Four Held, Curfew Declared in Mandalay City After Deadly Violence

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Myanmar police stand guard on a street in Mandalay, July 3, 2014.

Myanmar authorities detained four people and imposed a curfew in the country’s second largest city Mandalay on Thursday after two consecutive days of anti-Muslim riots left two dead and more than a dozen injured.

As hundreds of armed police patrolled the city to restore calm, President Thein Sein, in a radio address, called for stability and appealed to the people to avoid incitement of unrest.

He did not directly refer to the latest Buddhist-Muslim violence besetting the country, which is emerging from decades of harsh military rule.

The two people who died — a Muslim and a Buddhist — were not involved in the violence, reports said.

The violence was triggered by Buddhist mob attacks on minority Muslim shops, homes and a mosque in Chan Aye Thar Zan township on Tuesday following unconfirmed reports that a Muslim tea shop owner raped a Buddhist woman.

The next day, a Muslim man was on his way to a mosque when he was attacked by a mob and left dead in the street while a Buddhist man suffered the same fate as he went out to collect money that had been owed to him.

Police said aside from the two deaths, 14 people were wounded during the nights of violence on Tuesday and Wednesday, which continued into Thursday morning.

The curfew, covering all six townships in Mandalay, was announced Thursday by the local government, which asked residents to remain indoors from 9 p.m. to 5 a.m. and prohibited gatherings of five people or more during the restricted hours.

Four detained

Four people suspected of involvement in the riots have been detained, said Mandalay Chief Minister Ye Myint who met religious and community leaders Thursday to seek help in restoring calm in the city.

“We will work on long term plans to take care of all citizens’ safety,” Ye Myint said.

He said plans would be devised particularly to provide security to mosques.

Mandalay is regarded as the country's monastic heartland and home to tens of thousands of monks, including Wirathu  the leader of a controversial nationwide campaign known as the “969 Movement” which claims Myanmar’s minority Muslims are threatening the Buddhist majority.

On Wednesday night, Buddhist mobs on motorcycles shouted anti-Muslim slogans in Chan Aye Thar township, triggering clashes with Muslims, a local official of opposition leader Aung San Suu Kyi’s National League for Democracy (NLD) party told RFA.

“They threw bricks and stones at Muslim homes. There were clashes and some people were hospitalized and some motorbikes were destroyed,” said Myo Naing, executive committee secretary for the Mandalay region branch of the NLD.

A senior police officer in the capital, Naypyitaw, told Reuters news agency that charges of rape had been filed against the Muslim tea shop owner and his brother at a police station in Pyinmana, a town about halfway between Mandalay and Naypyitaw where the rape allegedly took place.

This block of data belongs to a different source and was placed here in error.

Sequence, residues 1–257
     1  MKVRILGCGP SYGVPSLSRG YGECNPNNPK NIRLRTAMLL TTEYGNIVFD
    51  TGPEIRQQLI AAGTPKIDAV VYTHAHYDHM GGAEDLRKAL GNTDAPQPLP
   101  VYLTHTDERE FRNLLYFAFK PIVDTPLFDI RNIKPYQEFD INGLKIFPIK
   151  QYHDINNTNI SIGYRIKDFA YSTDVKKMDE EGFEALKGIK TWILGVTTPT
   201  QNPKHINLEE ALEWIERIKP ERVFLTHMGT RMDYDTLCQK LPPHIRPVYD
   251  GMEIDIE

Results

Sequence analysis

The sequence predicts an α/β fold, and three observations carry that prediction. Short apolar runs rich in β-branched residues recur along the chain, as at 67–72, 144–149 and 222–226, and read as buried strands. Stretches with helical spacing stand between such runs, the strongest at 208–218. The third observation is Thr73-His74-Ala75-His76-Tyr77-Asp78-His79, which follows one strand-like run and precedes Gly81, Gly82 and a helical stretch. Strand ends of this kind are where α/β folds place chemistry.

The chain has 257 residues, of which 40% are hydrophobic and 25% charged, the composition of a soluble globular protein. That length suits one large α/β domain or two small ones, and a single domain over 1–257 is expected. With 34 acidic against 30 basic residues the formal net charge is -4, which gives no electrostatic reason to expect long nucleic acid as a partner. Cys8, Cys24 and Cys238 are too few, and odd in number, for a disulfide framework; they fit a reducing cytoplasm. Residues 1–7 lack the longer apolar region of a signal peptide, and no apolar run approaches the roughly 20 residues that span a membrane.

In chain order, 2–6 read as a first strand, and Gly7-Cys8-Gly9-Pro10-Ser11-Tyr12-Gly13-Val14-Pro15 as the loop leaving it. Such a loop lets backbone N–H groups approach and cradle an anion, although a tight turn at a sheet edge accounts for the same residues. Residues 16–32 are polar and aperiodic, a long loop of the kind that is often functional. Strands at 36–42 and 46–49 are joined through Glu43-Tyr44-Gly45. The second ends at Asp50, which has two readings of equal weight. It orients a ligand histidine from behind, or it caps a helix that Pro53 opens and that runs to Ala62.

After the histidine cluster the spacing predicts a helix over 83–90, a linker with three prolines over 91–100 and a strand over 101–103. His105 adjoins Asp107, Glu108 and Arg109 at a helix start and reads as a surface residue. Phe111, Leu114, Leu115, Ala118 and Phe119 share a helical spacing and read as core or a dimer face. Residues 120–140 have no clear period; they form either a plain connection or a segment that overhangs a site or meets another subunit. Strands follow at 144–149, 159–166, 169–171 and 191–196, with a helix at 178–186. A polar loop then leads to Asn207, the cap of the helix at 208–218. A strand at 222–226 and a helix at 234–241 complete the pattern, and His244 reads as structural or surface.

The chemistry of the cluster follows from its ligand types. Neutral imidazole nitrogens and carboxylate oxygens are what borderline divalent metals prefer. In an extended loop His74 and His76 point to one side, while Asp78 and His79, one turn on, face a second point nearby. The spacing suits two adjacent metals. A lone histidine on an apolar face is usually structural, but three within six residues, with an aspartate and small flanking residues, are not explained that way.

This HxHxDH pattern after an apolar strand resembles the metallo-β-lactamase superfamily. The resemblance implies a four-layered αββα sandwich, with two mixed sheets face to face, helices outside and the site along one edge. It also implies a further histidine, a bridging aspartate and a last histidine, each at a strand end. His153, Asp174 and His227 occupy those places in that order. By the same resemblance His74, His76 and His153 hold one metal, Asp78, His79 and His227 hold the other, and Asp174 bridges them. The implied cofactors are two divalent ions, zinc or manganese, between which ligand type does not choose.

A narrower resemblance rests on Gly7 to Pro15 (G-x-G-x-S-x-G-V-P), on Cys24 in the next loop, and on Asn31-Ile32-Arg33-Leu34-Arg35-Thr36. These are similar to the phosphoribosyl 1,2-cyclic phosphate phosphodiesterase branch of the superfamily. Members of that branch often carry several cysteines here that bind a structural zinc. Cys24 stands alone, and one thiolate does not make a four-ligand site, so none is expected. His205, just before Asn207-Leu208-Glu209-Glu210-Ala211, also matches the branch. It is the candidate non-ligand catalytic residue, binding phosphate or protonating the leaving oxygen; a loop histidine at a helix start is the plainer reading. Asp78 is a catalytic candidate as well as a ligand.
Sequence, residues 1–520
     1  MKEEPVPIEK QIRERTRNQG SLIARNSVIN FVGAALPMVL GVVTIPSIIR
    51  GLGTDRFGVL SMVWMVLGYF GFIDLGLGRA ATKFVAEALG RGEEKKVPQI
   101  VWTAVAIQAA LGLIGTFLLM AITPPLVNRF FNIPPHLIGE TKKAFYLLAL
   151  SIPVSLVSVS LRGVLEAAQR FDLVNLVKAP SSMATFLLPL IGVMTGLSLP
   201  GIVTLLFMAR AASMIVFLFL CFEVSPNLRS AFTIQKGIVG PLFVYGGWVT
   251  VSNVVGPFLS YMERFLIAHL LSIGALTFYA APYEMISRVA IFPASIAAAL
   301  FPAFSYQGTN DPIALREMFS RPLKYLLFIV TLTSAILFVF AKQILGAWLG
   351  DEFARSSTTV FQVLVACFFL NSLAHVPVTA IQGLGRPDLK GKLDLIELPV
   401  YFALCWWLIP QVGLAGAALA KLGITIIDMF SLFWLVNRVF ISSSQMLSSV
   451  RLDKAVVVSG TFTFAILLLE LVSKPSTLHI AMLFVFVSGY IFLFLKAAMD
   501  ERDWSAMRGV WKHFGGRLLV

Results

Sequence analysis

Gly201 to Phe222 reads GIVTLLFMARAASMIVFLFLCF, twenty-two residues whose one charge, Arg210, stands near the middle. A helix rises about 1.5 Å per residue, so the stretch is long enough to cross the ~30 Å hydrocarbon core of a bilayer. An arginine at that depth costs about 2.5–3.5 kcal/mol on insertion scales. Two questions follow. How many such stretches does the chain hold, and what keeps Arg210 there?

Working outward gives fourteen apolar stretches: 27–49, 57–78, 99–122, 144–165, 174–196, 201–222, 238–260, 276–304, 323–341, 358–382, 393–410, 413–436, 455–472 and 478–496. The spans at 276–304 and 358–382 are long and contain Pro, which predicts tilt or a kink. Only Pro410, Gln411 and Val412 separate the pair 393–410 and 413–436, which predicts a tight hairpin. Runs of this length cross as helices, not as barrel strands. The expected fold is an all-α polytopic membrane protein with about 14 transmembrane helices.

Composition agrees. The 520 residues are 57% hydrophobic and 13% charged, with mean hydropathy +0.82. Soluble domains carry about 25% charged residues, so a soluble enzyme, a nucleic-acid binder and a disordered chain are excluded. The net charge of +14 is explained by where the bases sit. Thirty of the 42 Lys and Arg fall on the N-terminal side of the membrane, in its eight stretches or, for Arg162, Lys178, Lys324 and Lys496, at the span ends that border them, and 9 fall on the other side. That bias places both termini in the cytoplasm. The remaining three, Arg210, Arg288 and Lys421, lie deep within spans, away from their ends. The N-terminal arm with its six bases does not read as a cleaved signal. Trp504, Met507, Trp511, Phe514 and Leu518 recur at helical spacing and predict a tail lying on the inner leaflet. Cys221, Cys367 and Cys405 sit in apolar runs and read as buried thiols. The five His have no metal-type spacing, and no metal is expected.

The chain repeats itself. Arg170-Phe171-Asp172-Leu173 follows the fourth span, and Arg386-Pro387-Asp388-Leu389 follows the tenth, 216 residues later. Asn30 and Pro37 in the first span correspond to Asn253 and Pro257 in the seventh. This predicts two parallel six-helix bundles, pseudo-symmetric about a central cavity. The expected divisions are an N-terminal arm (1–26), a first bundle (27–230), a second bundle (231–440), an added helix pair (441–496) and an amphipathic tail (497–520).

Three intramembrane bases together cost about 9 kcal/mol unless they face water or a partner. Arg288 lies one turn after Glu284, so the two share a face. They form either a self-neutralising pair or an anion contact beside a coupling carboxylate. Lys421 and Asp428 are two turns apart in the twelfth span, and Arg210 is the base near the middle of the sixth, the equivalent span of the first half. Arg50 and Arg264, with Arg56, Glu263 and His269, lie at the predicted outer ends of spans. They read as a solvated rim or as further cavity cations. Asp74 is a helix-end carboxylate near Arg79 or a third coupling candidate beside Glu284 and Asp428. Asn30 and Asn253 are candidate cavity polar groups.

Sectarian violence in Myanmar has left up to 280 people dead and another 140,000 homeless since 2012—mostly Muslims, according to rights groups.

While most of the violence has occurred in western Myanmar’s restive Rakhine state, several incidents have occurred in the country’s central region, including a wave of arson attacks in Meikhtila city—about 150 kilometers (90 miles) south of Mandalay—which left 43 dead and 13,000 homeless in March 2013.

Muslims account for about 4 percent of Myanmar's roughly 60 million people.

‘Avoid instigation’

In his monthly radio address to the nation, President Thein Sein called on the people to avoid incitement of unrest, saying the country needed stability for reforms to succeed.

“In order for reform to succeed, I appeal to all to avoid instigation and behavior that incites hatred among our fellow citizens,” he said.

Reminding the people that Myanmar was a multi-racial and multi-religious nation, he said reforms he introduced since coming to power in 2011 would succeed only if the country is stable and united.

The U.S. embassy in Yangon issued a message on its official Twitter feed on Thursday calling for calm.

"Rule by law not rumor and mob action (is) essential for justice, stability and development," it said.

Opposition leader Aung San Suu Kyi blamed the authorities for the worsening violence, saying prompt action should have been taken.

She cautioned the public against trusting unsubstantiated reports.

“The authorities should properly handle those people who are spreading rumors. Without rule of law, more riots will come,” she told RFA.

Reported by Set Paing Toe, Kyaw Zaw Win and Khin Khin Ei for RFA’s Myanmar Service. Translated by Khet Mar. Written in English by Parameswaran Ponnudurai.


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